Stage I lymphedema is referred to as “reversible lymphedema” (Figs. 3 and 4). In this stage, the patient presents with very soft, pitting edema with no fibrosis. Prolonged elevation of the limb leads to complete resolution of the clinically evident swelling.1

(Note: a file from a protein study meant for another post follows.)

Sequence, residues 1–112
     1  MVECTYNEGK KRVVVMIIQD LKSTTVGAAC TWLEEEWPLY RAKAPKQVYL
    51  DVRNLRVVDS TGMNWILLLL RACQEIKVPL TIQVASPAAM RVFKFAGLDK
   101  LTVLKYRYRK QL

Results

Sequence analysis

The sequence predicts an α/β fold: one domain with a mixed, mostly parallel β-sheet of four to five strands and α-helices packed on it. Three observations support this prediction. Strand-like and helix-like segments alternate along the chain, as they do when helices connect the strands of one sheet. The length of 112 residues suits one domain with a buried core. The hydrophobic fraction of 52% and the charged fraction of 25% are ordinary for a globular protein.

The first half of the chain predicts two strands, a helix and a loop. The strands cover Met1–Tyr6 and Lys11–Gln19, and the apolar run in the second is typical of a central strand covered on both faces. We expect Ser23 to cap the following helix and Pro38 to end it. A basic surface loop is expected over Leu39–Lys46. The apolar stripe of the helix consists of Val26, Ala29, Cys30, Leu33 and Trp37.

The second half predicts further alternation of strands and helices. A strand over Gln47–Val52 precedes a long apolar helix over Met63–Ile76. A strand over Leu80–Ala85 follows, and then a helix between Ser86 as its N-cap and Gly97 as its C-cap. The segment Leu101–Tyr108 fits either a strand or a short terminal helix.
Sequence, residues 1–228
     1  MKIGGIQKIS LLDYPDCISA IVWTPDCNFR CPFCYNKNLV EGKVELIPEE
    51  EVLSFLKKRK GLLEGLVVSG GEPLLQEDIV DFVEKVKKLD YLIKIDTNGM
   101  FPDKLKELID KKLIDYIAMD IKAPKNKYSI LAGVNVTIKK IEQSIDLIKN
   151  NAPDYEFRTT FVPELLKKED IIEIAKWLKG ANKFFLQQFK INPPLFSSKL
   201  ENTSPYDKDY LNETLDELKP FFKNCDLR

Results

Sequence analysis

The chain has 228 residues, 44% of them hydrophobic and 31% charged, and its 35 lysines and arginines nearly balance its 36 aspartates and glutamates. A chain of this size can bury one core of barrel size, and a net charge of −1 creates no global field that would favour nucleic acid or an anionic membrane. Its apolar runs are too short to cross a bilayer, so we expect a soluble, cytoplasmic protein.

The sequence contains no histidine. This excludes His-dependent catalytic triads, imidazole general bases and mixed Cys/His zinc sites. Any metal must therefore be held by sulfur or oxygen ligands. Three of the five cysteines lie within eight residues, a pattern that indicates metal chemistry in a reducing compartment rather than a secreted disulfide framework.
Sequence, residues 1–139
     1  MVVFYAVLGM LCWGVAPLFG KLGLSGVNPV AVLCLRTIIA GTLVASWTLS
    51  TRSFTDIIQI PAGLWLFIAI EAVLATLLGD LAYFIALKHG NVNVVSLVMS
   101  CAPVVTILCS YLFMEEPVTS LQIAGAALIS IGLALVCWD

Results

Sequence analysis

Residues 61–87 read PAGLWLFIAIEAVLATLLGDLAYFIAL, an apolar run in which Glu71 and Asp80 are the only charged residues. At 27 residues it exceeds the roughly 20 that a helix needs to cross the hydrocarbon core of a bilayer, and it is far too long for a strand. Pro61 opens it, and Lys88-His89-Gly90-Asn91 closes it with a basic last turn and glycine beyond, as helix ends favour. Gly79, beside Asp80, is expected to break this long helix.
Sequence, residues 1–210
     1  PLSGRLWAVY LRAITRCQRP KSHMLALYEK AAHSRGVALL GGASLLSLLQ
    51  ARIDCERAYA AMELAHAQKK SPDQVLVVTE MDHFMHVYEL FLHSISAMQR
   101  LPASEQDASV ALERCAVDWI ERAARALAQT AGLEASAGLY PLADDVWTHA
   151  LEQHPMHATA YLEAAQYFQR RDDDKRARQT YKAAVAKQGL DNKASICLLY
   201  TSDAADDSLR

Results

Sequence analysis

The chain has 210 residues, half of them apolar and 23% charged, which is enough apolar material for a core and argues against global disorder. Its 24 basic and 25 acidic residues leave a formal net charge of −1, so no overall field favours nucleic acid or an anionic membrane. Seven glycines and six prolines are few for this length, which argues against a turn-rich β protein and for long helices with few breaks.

Stage II lymphedema, also called “spontaneously irreversible lymphedema,” (Figs. 5 and 6) presents with intradermal fibrosis that decreases tissue suppleness and reduces the ability of the skin to indent (“pit”) with pressure. Applying firm pressure into the tissue for at least 5 seconds assesses pitting edema.7 If an indentation remains after the pressure is released, pitting edema is present. It is measured on a scale of 0 to 3+, in which 0 indicates not present, 1+ indicates minimal, 2+ indicates moderate, and 3+ indicates severe pitting edema.7 In this stage, resolution of clinically evident lymphedema is not possible with elevation.1 The patient will often present with a positive Stemmer sign, in which the skin of the dorsum of the fingers and toes cannot be lifted, or lifted with difficulty, compared with the uninvolved limb.1 Skin infections are more common in this stage, due to the diminished ability of the immune system to respond to foreign bacteria and debris. Infections can predispose the affected lymphatic channels to both an increased lymphatic load due to the inflammatory response and decreased transport capacity, potentially leading to Stage III disease.1